|BAGHDAD ? Iraq's prime minister put his nation on its highest level of alert for terror
attacks, warning of plots to sow fear and chaos as the U.S. combat mission in the country
formally ends on Tuesday.
The Iraqi security forces who will be left in charge have been hammered by bomb attacks,
prompting fears of a new insurgent offensive and criticism of the government's
preparedness for the American troop drawdown.
Prime Minister Nouri al-Maliki said Friday that Iraqi intelligence indicated an al-Qaida front
group and members of Saddam Hussein's outlawed Baath party are collaborating to launch
attacks to create fear and chaos and kill more innocents.
We direct the Iraqi forces, police and army and other security forces, to take the highest
alert and precautionary measures to foil this criminal planning, al-Maliki said in a statement
to state-run television.
A senior Iraqi intelligence official said security forces believe suicide bombers have entered
the country with plans to strike unspecified targets in Baghdad by month's end. The official
did not know how many bombers or where they would attack, and spoke on condition of
anonymity because he was not authorized to talk to the media.
President Barack Obama, meanwhile, used his weekly radio address to reaffirm his
campaign promise to end the war in Iraq and refocus on Afghanistan as home to the top
threats against America.
The bottom line is this: the war is ending, Obama said from the Massachusetts island
retreat of Martha's Vineyard, where he was on vacation. Like any sovereign, independent
nation, Iraq is free to chart its own course.
Al-Maliki said insurgents would try to exploit widespread frustration with years of frequent
power outages and problems with other public services by staging riots and attacks on
They will also work on taking advantage of some of the crises of services ... to spread
chaos, he said.
Hours after his remarks, the al-Qaida-linked Islamic State of Iraq claimed responsibility for
more than two dozen bombings and shootings across the nation this week that killed 56
people ? more than half of them Iraqi soldiers and policemen.
In a statement posted on a militant website Saturday, the group said the coordinated
attacks targeted the headquarters and centers and security barriers for the army and the
Insurgents have intensified attacks on Iraqi police and soldiers, making August the deadliest
month for Iraqi security personnel in two years: On average, five were killed each day.
Under a security agreement between Washington and Baghdad, all U.S. troops are to be
out of Iraq by the end of 2011. Last year, as a benchmark toward that deadline, Obama
ordered the end of unilateral U.S. combat missions and the return of all but 50,000 troops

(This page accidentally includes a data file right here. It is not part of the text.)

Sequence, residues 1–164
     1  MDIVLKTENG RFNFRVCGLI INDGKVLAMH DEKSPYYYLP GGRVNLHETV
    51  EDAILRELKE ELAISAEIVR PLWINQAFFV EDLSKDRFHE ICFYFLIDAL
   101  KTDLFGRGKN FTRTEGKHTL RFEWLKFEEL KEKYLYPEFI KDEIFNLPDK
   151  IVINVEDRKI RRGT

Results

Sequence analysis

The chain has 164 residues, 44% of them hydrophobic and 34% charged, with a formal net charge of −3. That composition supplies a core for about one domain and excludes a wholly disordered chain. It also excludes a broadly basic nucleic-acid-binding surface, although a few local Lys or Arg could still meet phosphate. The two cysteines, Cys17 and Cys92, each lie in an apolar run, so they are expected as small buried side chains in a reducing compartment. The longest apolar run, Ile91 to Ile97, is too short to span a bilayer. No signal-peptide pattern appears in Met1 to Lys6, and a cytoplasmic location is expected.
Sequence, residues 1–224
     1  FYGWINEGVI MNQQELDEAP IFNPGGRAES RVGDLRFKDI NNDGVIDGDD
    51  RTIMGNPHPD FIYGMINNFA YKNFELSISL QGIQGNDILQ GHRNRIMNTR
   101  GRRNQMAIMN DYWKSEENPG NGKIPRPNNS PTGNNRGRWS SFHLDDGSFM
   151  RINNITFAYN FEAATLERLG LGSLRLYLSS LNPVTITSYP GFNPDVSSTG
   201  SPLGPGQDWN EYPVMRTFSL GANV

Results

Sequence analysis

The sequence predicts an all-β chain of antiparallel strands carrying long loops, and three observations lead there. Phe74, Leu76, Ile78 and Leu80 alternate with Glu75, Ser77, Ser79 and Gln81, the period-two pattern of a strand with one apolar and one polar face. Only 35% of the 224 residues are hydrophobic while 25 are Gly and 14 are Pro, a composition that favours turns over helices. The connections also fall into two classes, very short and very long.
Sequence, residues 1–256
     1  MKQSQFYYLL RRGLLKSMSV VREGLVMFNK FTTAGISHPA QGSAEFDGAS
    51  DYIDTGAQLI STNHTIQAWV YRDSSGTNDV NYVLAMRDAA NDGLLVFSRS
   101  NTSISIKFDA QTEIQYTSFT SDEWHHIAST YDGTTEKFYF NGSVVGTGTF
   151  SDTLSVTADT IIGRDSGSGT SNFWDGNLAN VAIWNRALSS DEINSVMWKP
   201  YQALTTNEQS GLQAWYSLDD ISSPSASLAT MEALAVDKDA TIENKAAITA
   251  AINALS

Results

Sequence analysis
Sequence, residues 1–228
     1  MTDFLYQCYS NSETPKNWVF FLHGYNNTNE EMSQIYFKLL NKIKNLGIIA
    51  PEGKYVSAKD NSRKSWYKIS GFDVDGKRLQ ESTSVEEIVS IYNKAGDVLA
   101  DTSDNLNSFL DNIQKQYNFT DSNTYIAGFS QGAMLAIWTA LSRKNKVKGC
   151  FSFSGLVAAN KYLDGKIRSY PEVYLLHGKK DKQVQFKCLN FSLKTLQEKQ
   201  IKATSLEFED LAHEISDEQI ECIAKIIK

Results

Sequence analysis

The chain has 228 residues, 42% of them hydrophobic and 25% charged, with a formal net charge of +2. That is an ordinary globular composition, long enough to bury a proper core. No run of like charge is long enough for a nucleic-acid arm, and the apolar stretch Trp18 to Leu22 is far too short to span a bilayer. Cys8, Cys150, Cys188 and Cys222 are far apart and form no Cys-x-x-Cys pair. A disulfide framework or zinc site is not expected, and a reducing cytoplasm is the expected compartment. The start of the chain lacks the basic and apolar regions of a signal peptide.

by Aug. 31. After that, the U.S. military will focus on training and advising Iraqi troops,
although Americans can still go on combat patrols with Iraqi soldiers and police if asked.
But the primary responsibility for protecting the nation is in the hands of an Iraqi security
force that has largely failed to win the country's confidence.
In a major embarrassment this month for Iraq's U.S.-trained forces, a suicide bomber was
able to walk up undetected to an army recruitment station crowded with hundreds of
applicants and kill 61 people. The Aug. 17 attack was the single deadliest act of violence in
the capital in months.
More than half of the 445 Iraqi security personnel killed this year ? including soldiers, police,
police recruits and bodyguards ? died between June and August, according to an
Associated Press count.
The prime minister seemed to recognize that security forces alone would not be able to
stop the attacks, and he appealed to citizens to be vigilant.
We call on the nation to have open eyes to monitor the movements of those terrorists
and keep such criminal gangs from halting the progress of our nation.
Al-Maliki is locked in a power struggle to keep his job nearly six months after a
parliamentary election that failed to produce a clear winner.
The political coalition led by al-Maliki, a Shiite, narrowly came in second place to a
Sunni-backed alliance in the March 7 vote.
Iraq's political factions have been battling since to work out a power-sharing agreement.
U.S. and Iraqi officials fear the political impasse could lead to increased violence.
Iraqi military spokesman Maj. Gen. Qassim al-Moussawi said the prime minister's statement
aimed to embolden security troops who will face challenges after the withdrawal of the
American combat forces.
The terrorist groups are intending to escalate their terrorist operations during the coming
days to influence the process of the American withdrawal, to cast doubt on the ability of the
Iraqi forces taking charge of the security and to take advantage of political instability,
Associated Press Writers Qassim Abdul-Zahra and Bushra Juhi contributed to this report.